To answer your question. No. My toilet suits me fine.

Mooselet said...

We saw the squat toilet in the airport in Narita as we flew through Japan on our way to the US a couple of years ago. We thought they were fascinating but none of us had the, er, guts to use them.

I want one of those space-age Japanese toilets, though! I think my kids, however, would make a mess so it'd have to go in my bathroom.

Gypsy said...

I would definitely buy one of those if they were reasonable. Hell, even if they were unreasonable I'd be tempted.

The best toilet experience I've ever had was in Munich at Oktoberfest. In one of the beer gardens they had these commodes with little plastic sleeves over the seat. Then, when you were done, the sleeves would automatically pull back, the seat would lift up, an arm would come out and clean the seat, and then another sleeve would be run out. It... was... AWESOME. And not even because I'd had six million gallons of beer, either.

Impetua said...

Would I have one if they were reasonably priced? God, yes.

Can't... get... clean...

That being said, I groove on the little pictograms, esp. for the bum-hoser.

yellojkt said...

Looks like the Toto company has a potential customer in the Liz/Impetua household. When I was a Boy Scout at the Japanese Jamboree I had to use an outhouse that was a squat toilet. Not a lot of engineering in that. A slit in the floor and a board that served as a splash deflector.

And yes, mooselet, those hoses can squirt pretty far, giving young children hours of fun.

trusty getto said...

Lemme think about it . . . .


Nope. I'm happy with what I've got :)

Anonymous said...

I've cultivated distaste for anything from Toto, Rosanna.

Hold the line, I've changed my mind.

Time to dump these stinky puns.

bc

yellojkt said...

bc,

This Toto is from Japan, not Africa, so you can turn back.

Now you have me doing it. Did they know they named the band after a brand of toilet? Seems almost too ironically appropriate.

TBG said...

Remember when The Simpsons went to Japan? The toilet in the hotel room said to Homer, "I am honored to receive your waste."

My family laughs about this all the time! Thanks for your thoughtful post--it really bowled me over. ha ha ha

dena said...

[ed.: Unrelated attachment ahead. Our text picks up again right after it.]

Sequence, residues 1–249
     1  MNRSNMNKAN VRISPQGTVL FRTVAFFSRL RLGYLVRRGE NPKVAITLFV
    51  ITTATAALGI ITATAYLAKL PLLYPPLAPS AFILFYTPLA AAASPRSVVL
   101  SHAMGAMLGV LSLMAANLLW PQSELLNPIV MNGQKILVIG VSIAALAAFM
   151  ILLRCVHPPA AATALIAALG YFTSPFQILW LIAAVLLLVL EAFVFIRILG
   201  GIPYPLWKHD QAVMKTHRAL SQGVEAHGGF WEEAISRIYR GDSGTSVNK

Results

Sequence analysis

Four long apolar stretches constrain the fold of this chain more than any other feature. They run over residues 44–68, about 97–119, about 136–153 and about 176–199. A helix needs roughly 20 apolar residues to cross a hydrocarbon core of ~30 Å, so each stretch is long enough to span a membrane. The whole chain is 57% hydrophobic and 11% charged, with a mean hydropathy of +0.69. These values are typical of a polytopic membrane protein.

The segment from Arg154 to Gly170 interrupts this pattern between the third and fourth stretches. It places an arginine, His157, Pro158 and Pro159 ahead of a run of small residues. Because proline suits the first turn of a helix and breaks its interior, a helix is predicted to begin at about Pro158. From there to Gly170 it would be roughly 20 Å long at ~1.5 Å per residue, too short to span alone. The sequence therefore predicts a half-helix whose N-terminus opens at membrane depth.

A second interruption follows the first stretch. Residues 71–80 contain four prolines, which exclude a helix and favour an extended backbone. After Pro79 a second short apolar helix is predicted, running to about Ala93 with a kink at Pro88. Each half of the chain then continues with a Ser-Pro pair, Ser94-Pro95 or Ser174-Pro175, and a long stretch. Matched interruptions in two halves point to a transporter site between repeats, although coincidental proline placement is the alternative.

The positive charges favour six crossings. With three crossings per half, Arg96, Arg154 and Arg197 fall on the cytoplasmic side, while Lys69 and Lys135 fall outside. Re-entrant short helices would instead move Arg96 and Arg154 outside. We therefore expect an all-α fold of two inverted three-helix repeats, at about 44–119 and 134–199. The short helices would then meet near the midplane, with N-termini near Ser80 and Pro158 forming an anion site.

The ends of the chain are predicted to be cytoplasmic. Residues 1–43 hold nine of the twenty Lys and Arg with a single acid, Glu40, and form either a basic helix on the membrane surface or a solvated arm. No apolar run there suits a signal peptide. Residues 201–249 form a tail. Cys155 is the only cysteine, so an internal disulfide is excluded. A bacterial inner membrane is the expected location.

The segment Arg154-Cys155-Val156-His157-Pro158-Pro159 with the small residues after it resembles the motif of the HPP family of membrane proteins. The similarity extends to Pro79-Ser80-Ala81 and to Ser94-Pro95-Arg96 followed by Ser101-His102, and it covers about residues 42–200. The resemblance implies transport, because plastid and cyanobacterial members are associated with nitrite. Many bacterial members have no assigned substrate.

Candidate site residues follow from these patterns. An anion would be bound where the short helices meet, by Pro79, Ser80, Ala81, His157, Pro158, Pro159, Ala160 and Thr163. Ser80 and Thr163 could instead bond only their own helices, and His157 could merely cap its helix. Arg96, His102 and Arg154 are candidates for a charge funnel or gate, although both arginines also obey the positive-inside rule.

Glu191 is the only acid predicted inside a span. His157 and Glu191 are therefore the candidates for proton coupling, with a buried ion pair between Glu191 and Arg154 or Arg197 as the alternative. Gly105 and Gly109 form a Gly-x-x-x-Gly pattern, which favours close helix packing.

That deluxe is by far the coolest toilet I've ever seen...I want one!

Impetua said...

I should add that when I was studying abroad lo these many years ago, when my hair was still red and Russia was still a communist country, our dorm had been recently remodeled and they had accidentally plumbed our European "shelf" style toilet with scalding hot water.

I say shelf style because instead of the deep-bowl-of-water style employed here in the states, the shelf style toilet featured a sort of, well, shelf, so that whatever one placed in the toilet remained there on the shelf in all its glory until one flushed it.

It was marginally better than the hole-in-the-floor, squat-n-leave-it toilets we found in the public restrooms, but not by much and then really only because at least the general public didn't have access to it.

I wrote home on the paper provided to us in one of the student hotels we visited, in Tbilisi I think.

Sorry for all the toilet-based memories, but there it is.

mg said...

Woo hoo! Just like a water-park ride!

I'm all about cleanliness and personal hygiene.. so, yep. I'd have one in my house.

lisa said...

I think I saw that on some show - either about Japan or about toilets. What am I thinking? It must have been about Japan.

But no, I don't want one.

PS. thanks for helping with the Cher survey.

Claude said...

I would be all about the high-tech toilet. Maybe in my next place when I get in a renovating mood...

If nothing else, maybe my girlfriend wouldn't use so damn much toilet paper. It's gotten to the point where I make her buy the stuff because she goes through it so fast. She could just hose herself down!

Anonymous said...